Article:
Unions face uphill struggle
Trade unions have traditionally been suspicious of the media and unwilling to engage with press and broadcasters on what they believe to be the media's own terms.
This attitude is often based on the belief that the mainstream media are biased against the trade-union movement.
A number of academic studies in Britain have shown that this can be true. The Glasgow University Media Group looked at industrial disputes in Britain during the 1980s and concluded that there was strong anti-union bias in both the coverage and the use of language. In this regard, a number of writers were very critical of the media's coverage of the British miners' strike in the mid 1980s.
There are also theoretical explanations as to why this is the case. One view is that the media always act in the interest of the dominant ideology in a society; this, during an industrial dispute, conforms to the interests of the employers.
Consequently, many trade unionists have held that there is little point in trying to improve their public relations. A development of this view came from the ideas of a famous Italian Marxist, Antonio Gramsci, who argued (in the early 20th century) that groups in their struggle for power use persuasion and consent. Today the struggle for persuasion and consent takes place in the media. Those involved in public relations within the trade union movement believe, like Gramsci, that the dominant value system can be challenged.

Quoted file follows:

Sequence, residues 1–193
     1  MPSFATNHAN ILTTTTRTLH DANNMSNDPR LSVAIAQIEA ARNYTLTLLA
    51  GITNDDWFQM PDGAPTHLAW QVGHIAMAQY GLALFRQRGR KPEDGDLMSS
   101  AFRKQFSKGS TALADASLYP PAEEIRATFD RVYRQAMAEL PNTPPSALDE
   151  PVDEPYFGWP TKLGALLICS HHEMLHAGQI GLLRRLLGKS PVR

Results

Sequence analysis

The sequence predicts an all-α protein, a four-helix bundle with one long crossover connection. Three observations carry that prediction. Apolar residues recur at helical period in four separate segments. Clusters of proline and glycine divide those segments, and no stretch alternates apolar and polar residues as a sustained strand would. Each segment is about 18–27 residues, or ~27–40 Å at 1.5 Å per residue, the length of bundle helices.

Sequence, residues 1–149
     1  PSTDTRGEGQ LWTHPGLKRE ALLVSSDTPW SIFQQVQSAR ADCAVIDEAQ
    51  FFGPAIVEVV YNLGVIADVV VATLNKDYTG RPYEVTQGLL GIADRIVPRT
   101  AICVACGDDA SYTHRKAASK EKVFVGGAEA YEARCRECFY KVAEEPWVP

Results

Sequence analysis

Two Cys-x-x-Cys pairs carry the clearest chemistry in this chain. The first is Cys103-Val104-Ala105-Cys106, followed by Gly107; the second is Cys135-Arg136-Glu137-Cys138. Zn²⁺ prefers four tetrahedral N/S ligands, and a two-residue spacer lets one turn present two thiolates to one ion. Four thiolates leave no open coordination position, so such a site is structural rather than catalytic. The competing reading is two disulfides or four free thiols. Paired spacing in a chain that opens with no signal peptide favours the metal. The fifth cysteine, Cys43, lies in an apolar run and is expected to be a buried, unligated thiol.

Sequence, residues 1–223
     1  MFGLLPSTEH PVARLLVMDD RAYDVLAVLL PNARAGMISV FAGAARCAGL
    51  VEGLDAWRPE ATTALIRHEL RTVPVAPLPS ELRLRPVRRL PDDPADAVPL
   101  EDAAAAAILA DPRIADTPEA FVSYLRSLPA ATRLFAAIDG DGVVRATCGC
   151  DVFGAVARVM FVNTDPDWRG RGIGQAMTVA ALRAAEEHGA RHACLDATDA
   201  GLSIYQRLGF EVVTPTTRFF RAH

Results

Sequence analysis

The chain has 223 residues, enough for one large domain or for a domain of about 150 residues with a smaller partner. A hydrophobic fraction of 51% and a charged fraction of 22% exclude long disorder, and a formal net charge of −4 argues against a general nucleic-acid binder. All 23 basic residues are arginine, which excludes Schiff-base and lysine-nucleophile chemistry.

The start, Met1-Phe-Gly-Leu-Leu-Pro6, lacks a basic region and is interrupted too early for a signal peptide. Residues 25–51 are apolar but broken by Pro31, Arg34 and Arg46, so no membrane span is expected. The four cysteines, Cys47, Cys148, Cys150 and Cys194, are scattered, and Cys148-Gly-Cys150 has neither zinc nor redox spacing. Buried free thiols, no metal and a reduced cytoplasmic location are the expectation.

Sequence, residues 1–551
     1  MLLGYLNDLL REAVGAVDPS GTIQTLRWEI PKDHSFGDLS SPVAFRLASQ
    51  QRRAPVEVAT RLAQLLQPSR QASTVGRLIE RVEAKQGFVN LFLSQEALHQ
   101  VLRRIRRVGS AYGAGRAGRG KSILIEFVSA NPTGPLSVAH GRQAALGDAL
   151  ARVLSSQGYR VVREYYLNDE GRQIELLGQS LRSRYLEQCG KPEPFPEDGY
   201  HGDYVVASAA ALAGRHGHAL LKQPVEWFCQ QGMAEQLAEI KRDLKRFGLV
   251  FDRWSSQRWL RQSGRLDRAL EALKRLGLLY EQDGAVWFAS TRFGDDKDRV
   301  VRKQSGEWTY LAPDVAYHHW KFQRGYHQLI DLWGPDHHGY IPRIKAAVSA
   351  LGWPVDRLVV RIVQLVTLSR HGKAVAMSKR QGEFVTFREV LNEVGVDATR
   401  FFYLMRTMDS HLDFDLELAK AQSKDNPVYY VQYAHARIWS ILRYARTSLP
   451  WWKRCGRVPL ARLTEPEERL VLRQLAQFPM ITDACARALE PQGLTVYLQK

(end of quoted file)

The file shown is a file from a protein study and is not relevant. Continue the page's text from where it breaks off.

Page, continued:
These persuaders have also accepted that journalists work within certain routines and practices and that, once these are understood, it is possible for people with varying points of view to get access to the media. Increasingly, trade unions are employing media strategists and public-relations consultants to advise during disputes.
Indeed, it now appears that to gain the upper hand in such a dispute it is necessary to win public opinion. The nurses, for instance, had public opinion on their side; the taxi-drivers do not.